February 5, 2013
(AP)
Kim Jong Eun (AP)

Oh, North Korea. You crazy peninsula of propaganda. Usually, when the isolated nation wants attention, it talks smack about or threatens destruction of the United States. The North Korean leadership is also fond of firing off missiles to scare the bejeezus out of its prosperous South Korean neighbors. Over the weekend, North Korean state-controlled media posted a comical video on YouTube of a man who dreams of blowing up Manhattan. The cheesy instrumental version of “We Are the World” is suitably surreal.

Here’s a translation of the story told by those screen captions, courtesy of the New York Times.

“I had a dream last night, a dream of soaring into space on board our Unha-9 rocket. Our Kwangmyongsong-21 spacecraft got separated from the rocket and traveled through space. I see stars and the green Earth. I also see a unified Korea. Meanwhile, I see black smoke rising somewhere in America,” the dreaming man says. “It appears that the headquarters of evil, which has had a habit of using force and unilateralism and committing wars of aggression, is going up in flames it itself has ignited. Just imagine riding in a Korean spaceship. One day, my dream will come true.  No matter how hard the imperialists try to isolate and stifle us, they will not stop our people’s path toward our final victory of achieving a unified, strong and prosperous Korea.”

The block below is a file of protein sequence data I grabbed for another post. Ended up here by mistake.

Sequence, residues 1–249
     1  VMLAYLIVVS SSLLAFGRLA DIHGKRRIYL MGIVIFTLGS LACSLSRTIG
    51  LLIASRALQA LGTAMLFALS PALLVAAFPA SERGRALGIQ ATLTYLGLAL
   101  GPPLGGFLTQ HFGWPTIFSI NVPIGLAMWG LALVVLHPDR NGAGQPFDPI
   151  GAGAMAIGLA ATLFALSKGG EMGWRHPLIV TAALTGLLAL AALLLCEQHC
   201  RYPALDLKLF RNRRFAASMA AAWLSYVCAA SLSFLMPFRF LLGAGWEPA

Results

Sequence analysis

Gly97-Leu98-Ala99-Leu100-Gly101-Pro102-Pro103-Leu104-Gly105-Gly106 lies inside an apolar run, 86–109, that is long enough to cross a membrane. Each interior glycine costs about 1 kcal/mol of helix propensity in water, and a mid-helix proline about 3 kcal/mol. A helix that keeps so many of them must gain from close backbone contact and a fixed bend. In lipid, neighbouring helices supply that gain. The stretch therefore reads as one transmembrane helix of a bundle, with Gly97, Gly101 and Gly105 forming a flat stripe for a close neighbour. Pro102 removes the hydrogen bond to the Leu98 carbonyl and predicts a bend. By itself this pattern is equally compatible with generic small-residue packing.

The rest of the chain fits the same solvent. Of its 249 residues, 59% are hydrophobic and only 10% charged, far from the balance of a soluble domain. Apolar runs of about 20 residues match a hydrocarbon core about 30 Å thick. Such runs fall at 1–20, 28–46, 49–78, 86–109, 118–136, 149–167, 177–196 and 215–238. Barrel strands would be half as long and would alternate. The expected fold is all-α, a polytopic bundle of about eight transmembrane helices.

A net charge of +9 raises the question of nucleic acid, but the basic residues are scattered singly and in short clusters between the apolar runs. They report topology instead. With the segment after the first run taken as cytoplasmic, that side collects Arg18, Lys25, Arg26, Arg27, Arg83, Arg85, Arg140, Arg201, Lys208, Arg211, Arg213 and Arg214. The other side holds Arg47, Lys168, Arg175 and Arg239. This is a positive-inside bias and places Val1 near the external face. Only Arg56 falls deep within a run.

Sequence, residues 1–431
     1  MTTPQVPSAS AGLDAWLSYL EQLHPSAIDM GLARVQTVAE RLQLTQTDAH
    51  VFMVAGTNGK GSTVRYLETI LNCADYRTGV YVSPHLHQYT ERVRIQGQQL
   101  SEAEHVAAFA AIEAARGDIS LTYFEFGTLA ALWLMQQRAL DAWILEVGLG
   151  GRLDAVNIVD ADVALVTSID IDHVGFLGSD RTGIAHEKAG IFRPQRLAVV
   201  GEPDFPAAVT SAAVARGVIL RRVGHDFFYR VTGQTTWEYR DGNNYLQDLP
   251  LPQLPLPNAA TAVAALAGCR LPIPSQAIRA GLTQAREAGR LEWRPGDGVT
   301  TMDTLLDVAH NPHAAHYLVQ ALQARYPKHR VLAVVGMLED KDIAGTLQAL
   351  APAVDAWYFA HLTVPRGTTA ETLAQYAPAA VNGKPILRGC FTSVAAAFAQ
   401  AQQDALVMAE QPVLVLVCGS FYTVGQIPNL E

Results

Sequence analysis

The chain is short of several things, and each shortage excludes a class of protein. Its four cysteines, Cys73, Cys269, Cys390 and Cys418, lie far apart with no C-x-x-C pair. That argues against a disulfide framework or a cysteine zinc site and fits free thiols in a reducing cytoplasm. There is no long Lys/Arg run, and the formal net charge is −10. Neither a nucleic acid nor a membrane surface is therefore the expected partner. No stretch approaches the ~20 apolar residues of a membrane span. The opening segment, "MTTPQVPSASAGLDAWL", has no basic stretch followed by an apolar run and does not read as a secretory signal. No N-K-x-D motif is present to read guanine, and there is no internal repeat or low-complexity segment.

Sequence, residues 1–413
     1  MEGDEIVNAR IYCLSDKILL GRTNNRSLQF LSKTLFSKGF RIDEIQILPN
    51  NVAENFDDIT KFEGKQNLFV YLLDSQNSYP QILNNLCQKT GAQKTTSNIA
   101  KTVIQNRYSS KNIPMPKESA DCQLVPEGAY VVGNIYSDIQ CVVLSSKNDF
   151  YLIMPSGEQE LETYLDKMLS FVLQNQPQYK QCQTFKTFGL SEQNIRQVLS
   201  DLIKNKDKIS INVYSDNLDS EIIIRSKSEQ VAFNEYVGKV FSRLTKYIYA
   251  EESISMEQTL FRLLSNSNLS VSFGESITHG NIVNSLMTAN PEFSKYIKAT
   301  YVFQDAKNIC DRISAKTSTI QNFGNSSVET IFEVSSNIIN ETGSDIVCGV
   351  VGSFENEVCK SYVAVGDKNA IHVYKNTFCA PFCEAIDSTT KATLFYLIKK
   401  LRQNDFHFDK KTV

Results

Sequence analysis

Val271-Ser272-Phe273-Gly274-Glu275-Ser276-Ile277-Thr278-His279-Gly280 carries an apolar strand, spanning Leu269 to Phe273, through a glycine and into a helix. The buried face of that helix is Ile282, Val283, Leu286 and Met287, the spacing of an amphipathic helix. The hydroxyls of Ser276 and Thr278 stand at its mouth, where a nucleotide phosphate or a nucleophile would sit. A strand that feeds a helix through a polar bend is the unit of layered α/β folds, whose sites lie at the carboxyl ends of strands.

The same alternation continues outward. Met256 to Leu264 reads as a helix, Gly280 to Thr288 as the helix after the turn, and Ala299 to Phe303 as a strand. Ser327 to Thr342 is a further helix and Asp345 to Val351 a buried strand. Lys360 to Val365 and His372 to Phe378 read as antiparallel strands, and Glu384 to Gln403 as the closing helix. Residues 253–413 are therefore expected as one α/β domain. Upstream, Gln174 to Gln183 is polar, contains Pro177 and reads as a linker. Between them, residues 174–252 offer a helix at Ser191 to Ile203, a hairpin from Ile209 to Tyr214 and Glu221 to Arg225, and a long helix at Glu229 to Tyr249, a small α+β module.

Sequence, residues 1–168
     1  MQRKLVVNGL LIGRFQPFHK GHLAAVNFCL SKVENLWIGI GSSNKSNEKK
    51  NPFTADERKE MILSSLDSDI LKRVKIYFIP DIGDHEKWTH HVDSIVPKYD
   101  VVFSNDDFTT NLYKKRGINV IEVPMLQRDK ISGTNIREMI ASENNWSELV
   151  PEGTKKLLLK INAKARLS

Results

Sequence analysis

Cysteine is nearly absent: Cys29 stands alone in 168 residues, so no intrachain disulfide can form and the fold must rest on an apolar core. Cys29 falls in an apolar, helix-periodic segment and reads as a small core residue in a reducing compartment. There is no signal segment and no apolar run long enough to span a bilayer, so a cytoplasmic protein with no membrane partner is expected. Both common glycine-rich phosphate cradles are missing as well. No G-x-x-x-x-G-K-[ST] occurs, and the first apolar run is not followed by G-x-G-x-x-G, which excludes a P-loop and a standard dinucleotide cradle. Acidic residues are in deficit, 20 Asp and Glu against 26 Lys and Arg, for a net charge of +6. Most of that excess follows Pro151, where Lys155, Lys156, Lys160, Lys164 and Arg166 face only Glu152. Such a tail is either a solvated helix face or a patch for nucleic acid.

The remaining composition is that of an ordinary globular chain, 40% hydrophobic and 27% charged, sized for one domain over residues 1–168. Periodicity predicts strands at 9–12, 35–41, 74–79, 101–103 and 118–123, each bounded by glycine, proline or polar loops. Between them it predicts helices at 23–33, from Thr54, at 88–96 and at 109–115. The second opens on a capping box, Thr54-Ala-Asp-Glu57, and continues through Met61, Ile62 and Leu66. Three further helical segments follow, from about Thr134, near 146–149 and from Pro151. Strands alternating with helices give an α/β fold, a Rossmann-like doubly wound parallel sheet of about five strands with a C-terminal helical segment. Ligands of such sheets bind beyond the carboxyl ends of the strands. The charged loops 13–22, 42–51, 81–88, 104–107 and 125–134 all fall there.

Maybe this is all part an wacky ruse to get us to forget December’s unicorn debacle. I mean, we’ve got Saturday cartoons that have higher production values than the latest from Pyongyang. But the visual qualities of Kim Jong Eun’s latest bit of saber-rattling are minor, given all the chatter of a forthcoming nuclear test.

North Korea doesn’t stand a chance of hitting New York City, let alone the United States, with a missile. And we all know it already has nukes. So a third test will prove only that it has nothing better to do. One of those elaborate military parades with rolling tanks and goose-stepping troops would have been a much better use of time. It certainly would have been more entertaining.

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Jonathan Capehart is a member of the Post editorial board and writes about politics and social issues for the PostPartisan blog.